Support the Café

Search our Site

Lady Runcie, a life remembered

Lady Runcie, a life remembered

Lady Rosalind Runcie, the widow of Lord Robert Runcie the 102nd Archbishop of Canterbury died on Thursday. She was a remarkable woman who always struggled with her role as a clergy spouse and yet is said to have made an “important and vital contribution” to the life of the Church of England

Lady Runcie’s obituary in the Telegraph is notable for its honesty and the delightful picture of the couple.

“She confessed that she was “not terribly religious”, famously remarking that “too much religion makes me go pop!” Sermons “switched her off”; she could not bear the sound of church bells; and she had little time for “running round the parish dispensing calves-foot jelly, whatever that is”.

With a keen dislike for phoniness and pretence, Rosalind Runcie particularly dreaded having to accompany her husband to formal occasions, complaining that “lots of times they do not really want me there. I’m only there as a decoration. I resent having to go there, smiling.” She rarely accompanied Runcie on his weekend visits to the Old Palace in Canterbury, and travelled with him overseas only when she herself had been invited to perform as a concert pianist.

As their son James recalled: “When she met my father she was larky, jolly and vibrant, like a naughty girl in the sixth form. She didn’t have much time for saying the right thing, wearing the right thing and curtsying. She was keen to have her own private life and friends, where she could be herself. So there was a lot of physical separation.”

Her sense of humour was always irreverent. In the 1970s, when Runcie was Bishop of St Albans and the homosexual Labour MP Tom Driberg was employed by Private Eye as a compiler of obscene crosswords, it was noted that on one occasion the prize was won by a Mrs Rosalind Runcie of St Albans.”

Clearly this was not the sort of clergy spouse who can be impersonated by a body double sitting pleasantly in the front pew.


Café Comments?

Our comment policy requires that you use your real first and last names and provide an email address (your email will not be published). Comments that use non-PG rated language, include personal attacks, that are not provable as fact or that we deem in any way to be counter to our mission of fostering respectful dialogue will not be posted.

Oldest Most Voted
Inline Feedbacks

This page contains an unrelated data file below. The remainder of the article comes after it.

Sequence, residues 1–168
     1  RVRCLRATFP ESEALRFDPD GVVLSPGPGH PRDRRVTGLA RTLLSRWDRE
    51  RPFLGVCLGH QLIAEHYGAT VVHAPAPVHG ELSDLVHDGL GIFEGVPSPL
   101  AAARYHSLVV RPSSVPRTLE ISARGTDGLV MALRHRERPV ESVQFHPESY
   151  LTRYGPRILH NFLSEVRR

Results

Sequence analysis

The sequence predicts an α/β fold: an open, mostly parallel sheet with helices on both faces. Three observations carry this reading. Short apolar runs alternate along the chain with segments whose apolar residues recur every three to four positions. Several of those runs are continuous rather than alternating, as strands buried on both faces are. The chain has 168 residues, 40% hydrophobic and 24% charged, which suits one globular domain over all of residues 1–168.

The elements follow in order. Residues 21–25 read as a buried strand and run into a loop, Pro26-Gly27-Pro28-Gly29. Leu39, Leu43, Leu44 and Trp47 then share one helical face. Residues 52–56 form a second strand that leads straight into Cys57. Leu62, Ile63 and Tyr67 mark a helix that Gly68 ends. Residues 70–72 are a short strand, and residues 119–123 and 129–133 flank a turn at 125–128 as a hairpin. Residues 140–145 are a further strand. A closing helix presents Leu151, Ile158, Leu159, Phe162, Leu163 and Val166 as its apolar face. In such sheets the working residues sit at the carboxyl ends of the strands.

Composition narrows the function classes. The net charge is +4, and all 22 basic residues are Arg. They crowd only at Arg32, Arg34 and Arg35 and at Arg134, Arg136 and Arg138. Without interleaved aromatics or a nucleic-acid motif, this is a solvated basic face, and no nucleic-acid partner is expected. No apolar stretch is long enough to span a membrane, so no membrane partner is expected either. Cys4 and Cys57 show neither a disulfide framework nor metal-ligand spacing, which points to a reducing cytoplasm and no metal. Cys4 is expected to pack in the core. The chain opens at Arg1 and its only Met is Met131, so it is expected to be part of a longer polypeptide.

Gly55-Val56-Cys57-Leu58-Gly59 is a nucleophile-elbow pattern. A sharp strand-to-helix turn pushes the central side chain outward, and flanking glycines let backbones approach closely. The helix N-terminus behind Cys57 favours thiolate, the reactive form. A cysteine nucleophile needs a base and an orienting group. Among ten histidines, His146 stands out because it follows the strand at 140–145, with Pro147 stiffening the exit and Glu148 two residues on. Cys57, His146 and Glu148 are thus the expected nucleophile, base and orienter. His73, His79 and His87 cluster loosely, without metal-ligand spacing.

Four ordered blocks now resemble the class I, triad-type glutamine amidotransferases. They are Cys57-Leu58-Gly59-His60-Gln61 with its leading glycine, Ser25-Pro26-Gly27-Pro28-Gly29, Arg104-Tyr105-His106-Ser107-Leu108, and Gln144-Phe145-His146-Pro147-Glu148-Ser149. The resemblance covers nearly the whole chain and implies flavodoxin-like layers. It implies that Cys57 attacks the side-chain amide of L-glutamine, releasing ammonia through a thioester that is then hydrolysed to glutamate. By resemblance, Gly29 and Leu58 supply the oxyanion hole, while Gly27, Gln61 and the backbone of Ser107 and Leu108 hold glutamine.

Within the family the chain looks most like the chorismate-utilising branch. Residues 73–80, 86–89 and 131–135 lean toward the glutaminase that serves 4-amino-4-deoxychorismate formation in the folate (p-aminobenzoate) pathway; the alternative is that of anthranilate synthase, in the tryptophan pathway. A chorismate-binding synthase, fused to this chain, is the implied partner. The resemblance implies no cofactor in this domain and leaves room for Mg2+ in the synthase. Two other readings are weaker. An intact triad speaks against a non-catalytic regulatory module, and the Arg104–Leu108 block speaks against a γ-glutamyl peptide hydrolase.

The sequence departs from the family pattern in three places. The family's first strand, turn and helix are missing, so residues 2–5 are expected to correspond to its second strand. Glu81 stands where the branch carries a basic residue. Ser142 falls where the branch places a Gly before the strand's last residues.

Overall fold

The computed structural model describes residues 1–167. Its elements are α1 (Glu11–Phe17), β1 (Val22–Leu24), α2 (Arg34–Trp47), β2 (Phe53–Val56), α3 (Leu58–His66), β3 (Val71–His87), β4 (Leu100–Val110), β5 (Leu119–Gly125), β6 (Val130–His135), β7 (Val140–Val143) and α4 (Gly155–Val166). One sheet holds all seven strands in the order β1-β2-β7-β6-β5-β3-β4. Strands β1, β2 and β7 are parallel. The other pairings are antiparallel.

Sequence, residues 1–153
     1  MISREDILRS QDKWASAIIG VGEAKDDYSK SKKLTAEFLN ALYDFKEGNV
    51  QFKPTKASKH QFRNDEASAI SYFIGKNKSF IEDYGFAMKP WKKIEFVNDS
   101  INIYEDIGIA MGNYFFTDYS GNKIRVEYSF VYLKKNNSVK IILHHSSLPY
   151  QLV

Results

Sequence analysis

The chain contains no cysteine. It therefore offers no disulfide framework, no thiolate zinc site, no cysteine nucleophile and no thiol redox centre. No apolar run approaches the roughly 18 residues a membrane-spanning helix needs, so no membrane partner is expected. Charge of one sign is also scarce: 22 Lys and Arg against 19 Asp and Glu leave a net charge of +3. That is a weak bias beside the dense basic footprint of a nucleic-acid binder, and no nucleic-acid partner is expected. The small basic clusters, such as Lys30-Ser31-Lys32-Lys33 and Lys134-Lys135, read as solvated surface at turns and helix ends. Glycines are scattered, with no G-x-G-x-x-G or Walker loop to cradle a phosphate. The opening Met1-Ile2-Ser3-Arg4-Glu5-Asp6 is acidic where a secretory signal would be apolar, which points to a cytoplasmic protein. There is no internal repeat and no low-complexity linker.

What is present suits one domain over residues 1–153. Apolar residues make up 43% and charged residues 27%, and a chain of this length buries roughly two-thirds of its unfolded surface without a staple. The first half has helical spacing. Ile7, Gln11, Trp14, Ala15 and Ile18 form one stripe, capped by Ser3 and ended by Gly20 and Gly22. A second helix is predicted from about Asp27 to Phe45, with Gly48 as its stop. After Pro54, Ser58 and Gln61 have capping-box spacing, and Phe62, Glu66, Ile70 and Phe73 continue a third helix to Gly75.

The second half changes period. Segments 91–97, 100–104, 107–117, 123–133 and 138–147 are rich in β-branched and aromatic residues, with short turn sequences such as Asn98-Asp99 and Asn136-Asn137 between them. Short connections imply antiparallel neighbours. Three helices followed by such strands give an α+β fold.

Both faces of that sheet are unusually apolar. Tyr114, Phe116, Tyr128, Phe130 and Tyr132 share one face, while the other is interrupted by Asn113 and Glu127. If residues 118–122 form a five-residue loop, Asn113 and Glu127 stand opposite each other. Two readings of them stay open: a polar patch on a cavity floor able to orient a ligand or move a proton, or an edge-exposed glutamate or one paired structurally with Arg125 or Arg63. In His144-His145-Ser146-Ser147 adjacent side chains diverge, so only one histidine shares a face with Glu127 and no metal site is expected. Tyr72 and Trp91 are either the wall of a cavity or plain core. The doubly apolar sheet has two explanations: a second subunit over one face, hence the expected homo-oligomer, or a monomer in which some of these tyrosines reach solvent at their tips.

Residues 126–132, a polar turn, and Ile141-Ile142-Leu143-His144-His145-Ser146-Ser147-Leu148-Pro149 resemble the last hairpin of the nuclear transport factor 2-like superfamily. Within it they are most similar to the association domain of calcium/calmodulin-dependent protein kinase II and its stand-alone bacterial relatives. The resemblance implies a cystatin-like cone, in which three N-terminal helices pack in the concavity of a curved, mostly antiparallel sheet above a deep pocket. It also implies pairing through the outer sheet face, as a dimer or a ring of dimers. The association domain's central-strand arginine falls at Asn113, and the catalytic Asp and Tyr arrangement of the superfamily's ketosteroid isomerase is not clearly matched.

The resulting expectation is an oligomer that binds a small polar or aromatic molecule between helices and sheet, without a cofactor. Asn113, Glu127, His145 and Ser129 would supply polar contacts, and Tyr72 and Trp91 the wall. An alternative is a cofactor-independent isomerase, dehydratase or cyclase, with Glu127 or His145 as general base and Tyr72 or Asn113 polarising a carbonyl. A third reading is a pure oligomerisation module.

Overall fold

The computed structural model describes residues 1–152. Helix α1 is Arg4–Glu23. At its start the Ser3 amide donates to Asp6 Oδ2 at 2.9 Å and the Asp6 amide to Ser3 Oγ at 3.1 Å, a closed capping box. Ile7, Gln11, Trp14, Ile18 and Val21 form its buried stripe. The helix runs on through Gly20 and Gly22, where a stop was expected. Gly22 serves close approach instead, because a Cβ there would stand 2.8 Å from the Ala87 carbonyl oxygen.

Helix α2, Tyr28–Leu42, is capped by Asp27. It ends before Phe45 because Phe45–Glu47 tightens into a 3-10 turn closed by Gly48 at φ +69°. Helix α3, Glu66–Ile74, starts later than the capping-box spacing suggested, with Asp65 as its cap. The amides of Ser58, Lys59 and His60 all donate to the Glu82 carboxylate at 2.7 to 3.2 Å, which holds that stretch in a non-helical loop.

View all comments
Malcolm French+

I think you’ve got her title wrong.

If she was “Lady Rosalind Runcie,” that would make her a Lady (as opposed to a lady) in her own right, or as the daughter of a peer.

She was Lady Runcie as the consort of Lord Runcie, or she was Rosalind Runcie – but not Lady Rosalind Runcie.

Leslie Scoopmire

I may be engaging in wishful thinking, but I have a feeling that LarkNews (where you got that last hyperlink to the story about the pastor’s wife hiring a double) is a spoof site. Hilarious, but a spoof.

At least, I hope so.

Meanwhile, I admire that Lady Runcie was her own person, and not just an adjunct of her husband. May she rest in peace.

Rod Gillis

On the other hand, maybe the dummy could sing Marbecke while the real rector was drinking water ( :

@Rod: I suppose it depends on the dummy’s preaching style. Some might leave the service saying, My, what a contemplative that priest is!

On the other hand, I’m not sure the dummy could get all the way through the Eucharist without tipping its hand.

Torey Lightcap

Rod Gillis

A fine story about a very fine lady; but I couldn’t resist the temptation to click on the body double feature. Could be worse, could be the rector sending a body double. But then again, would anybody catch on ( : ?

Support the Café
Past Posts

The Episcopal Café seeks to be an independent voice, reporting and reflecting on the Episcopal Church and the Anglican tradition.  The Café is not a platform of advocacy, but it does aim to tell the story of the church from the perspective of Progressive Christianity.  Our collective sympathy, as the Café, lies with the project of widening the circle of inclusion within the church and empowering all the baptized for the role to which they have been called as followers of Christ.

The opinions expressed at the Café are those of individual contributors, and, unless otherwise noted, should not be interpreted as official statements of a parish, diocese or other organization. The art and articles that appear here remain the property of their creators.

All Content  © 2017 Episcopal Café